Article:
Researchers in the United Kingdom (U.K.) have said that small increases in people’s exposure to air pollution are linked to significant rises in depression and anxiety. According to the findings of a new study published in the journal; ‘Social Psychiatry and Psychiatric Epidemiology,’ an incremental increase in nitrogen dioxide, largely produced by diesel vehicles, heightened the risk of common mental disorders by 39 per cent. For tiny particle pollution, which comes from burning fuels, and brake and tyre dust, the risk rose by 18 per cent.
The scientists also found that people living in places with higher levels of particle pollution were twice as likely to experience mental health problems as those in the least polluted areas, reported ‘The Guardian.com’.
The researchers acknowledged that other factors were important for mental health, such as genetics and childhood experiences, but added that unlike these, air pollution could be prevented.
The researchers followed more than 1,000 adults in South-East London over five years, but the results were relevant for cities and towns across the world. In the UK, almost every urban area had particle pollution levels above the World Health Organisation guidelines, and around the globe 90 per cent of people breathe dirty air, the study leader, Dr. Ioannis Bakolis, a lecturer at King’s College London, said.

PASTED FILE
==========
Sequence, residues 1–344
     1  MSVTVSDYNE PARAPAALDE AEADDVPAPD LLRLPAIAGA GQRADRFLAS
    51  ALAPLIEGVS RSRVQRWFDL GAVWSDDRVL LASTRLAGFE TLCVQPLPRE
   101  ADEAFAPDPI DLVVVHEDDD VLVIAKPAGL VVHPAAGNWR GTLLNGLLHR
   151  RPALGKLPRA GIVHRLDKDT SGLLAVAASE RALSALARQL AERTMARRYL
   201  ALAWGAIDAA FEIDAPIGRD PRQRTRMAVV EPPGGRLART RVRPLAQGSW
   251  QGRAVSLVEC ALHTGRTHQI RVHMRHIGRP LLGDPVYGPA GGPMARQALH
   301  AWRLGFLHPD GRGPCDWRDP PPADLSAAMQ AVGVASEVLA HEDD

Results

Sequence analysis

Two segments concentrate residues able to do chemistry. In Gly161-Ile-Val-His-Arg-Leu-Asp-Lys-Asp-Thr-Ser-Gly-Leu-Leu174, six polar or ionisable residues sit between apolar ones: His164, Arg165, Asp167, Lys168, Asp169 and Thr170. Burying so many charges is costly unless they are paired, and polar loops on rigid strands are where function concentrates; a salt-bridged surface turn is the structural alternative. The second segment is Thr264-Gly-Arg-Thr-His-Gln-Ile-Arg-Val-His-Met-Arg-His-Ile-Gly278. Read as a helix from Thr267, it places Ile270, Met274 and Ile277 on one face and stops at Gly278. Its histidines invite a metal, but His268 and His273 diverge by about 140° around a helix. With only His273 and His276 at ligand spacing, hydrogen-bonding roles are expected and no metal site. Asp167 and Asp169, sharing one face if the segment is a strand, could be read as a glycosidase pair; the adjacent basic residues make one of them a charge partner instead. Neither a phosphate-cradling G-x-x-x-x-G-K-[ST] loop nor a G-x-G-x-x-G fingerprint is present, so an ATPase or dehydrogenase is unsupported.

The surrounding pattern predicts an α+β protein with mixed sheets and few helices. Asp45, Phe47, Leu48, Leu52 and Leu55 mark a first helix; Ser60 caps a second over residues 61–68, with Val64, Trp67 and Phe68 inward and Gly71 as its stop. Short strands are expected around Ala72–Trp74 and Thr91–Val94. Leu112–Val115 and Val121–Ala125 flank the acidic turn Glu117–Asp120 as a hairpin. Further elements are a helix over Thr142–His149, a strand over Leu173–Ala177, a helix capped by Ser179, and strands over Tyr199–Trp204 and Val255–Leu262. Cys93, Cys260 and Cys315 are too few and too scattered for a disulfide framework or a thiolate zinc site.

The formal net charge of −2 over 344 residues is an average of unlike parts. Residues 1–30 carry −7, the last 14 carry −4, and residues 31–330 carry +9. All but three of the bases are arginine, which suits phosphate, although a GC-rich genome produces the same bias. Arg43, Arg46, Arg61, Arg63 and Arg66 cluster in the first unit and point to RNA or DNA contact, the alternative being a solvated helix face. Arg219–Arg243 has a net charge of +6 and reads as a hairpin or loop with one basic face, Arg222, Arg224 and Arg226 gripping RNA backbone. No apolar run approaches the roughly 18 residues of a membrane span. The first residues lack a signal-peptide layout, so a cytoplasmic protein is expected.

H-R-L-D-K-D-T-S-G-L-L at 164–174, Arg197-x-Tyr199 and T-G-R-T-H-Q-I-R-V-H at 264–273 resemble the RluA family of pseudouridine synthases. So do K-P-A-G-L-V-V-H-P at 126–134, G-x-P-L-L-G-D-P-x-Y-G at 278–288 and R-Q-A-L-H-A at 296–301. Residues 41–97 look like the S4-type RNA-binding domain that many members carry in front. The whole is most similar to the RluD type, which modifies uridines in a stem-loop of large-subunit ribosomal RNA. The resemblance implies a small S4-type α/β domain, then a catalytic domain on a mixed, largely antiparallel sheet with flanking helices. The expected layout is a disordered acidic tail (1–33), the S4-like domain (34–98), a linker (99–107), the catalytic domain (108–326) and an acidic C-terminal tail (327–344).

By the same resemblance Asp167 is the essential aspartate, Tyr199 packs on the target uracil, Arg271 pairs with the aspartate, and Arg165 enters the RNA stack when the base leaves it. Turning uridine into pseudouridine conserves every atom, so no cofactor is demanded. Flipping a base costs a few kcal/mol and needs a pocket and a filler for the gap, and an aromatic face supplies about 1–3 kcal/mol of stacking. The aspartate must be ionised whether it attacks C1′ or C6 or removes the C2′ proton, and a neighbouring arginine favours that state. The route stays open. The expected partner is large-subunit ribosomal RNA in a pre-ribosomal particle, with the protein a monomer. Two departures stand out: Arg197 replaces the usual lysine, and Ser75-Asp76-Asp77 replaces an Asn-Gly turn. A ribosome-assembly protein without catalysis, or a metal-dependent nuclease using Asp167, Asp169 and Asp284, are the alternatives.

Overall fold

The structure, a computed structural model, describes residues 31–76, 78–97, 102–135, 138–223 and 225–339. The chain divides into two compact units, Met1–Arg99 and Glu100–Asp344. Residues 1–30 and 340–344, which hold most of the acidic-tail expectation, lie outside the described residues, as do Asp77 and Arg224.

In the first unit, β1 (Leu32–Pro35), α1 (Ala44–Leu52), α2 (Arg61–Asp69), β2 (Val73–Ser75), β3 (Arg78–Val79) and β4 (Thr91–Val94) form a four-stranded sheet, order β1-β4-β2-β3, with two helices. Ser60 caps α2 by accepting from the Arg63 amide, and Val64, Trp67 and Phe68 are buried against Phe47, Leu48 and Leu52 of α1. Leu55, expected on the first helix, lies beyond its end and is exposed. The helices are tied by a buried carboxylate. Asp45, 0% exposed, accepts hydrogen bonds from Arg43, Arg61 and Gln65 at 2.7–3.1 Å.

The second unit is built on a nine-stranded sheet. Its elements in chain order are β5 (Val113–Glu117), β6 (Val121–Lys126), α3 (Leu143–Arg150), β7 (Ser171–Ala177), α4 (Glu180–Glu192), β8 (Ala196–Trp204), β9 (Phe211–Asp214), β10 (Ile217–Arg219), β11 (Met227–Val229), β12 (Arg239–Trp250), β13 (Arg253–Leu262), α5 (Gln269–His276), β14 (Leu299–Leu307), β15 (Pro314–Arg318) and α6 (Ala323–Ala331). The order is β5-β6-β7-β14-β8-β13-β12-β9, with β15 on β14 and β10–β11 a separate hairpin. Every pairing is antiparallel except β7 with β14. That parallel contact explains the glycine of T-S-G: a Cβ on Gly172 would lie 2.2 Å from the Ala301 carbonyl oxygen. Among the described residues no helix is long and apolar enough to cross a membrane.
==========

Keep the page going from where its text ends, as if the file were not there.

“Air pollution is not the only factor that may have an impact on the presence of mental disorders, but it is a preventable one. “Introducing measures to reduce air pollution may represent a rare and potentially impactful primary health measure for the prevention of psychiatric disorders.” In his contribution, a lecturer at the Imperial College, London, Dr. Ian Mudway, who is also part of the research team, said rates of mental health disorders were known to be higher in urban areas, with suggested causes including deprivation and lack of green space.